For patients with wet AMD, the scarring that follows the hemorrhages can severely distort the retinal contour ( Figure 75.4 ), which to some extent would complicate surgical positioning or attachment of the prosthesis to the inner retinal surface. As such, the anatomy of each patient with AMD will have to be considered individually, and it must be assumed that some severely blind patients with AMD will not be good candidates for a prosthesis.
Attempts to assist patients with AMD or RP have included use of optical and electro-optical devices, such as telescopes, closed-circuit monitors and mobility training, primarily to learn how to use a cane for walking. These strategies can be beneficial but are limited in the functional gains that can be made. Newer rehabilitation strategies are also being explored, including sensory substitution; transplantation of stem cells, embryonic, or adult cells; and molecular genetic approaches, which may offer the best long-term treatment option. A prosthesis also has the significant advantage that restoration of function could be achieved by stimulation of nerve fibers that had been properly established during development – no new connections would have to be developed, as would be the case for transplanted cells.
The relative merits and disadvantages of various alternative strategies that could potentially be used in lieu of a retinal prosthesis are briefly compared below.
In sensory substitution therapy, a sensory modality is used to provide spatial information about the environment that cannot be appreciated by the compromised visual system. A customized device captures visual information and relays it to a nonvisual sense, like the tactile or the auditory system, to provide input about the spatial detail of the patient’s local environment. The late Paul Bach-y-Rita, a pioneer in this field, advocated the introduction of visual information (captured with a camera) through tactile input to the skin or tongue. His subjects were (to some extent) able to recreate an impression of their environment, experience a sense of objects in space, and perform “eye”–hand coordination tasks.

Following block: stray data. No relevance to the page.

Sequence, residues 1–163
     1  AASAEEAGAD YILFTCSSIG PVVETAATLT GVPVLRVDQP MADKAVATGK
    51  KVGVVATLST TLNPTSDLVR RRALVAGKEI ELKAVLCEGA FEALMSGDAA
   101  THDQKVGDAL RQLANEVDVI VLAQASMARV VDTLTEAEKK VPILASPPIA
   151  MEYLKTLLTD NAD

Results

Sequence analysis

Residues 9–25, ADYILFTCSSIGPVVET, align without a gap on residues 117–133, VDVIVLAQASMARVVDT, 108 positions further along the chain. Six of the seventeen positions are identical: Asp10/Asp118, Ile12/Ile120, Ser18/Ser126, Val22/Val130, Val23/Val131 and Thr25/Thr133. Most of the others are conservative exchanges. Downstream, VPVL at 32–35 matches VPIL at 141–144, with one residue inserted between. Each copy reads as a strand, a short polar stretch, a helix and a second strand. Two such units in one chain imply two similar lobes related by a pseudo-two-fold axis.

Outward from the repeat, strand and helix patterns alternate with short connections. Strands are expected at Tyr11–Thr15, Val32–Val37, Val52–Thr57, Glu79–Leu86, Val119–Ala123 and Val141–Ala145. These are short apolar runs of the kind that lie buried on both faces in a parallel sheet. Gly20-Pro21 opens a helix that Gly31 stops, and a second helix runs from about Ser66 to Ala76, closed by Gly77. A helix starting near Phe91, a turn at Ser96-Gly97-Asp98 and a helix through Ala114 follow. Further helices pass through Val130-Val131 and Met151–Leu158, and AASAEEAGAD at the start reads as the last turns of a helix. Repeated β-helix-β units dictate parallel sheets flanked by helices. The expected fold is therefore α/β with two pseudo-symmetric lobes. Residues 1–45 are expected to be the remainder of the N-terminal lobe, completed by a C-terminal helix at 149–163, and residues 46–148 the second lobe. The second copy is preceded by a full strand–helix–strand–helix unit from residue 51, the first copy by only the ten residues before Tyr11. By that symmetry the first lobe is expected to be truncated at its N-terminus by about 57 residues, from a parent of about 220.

A more recent device uses a camera to capture visual images, which are then electronically modified (by configuring the loudness, frequency, and inter-ear disparity) to provide a “soundscape” that represents the visual landscape. Some completely blind patients have navigated through unfamiliar environments and even found their way through a maze on a computer screen using only the auditory cues provided by this vOICe device ( Figure 75.5 and Box 75.2 ).
Historically, patients with severe visual loss from RP have benefited from use of a white cane, which provides important assistance for navigation. Patients with severe loss of central vision, from either RP or AMD, can benefit from use of optical or electronic devices such as telescopes and closed-circuit monitors
Molecular genetic approaches for treatment of one form of RP have recently provided some benefit to blind humans
Transplantation of stem cells, retinal pigment epithelium (RPE), or retinal neurons has been generally well tolerated in animals and humans, and in some cases has provided some benefit to blind patients
Human trials with ciliary neurotrophic factor administration have shown enhancement of RPE survival and a delay in visual loss in some human patients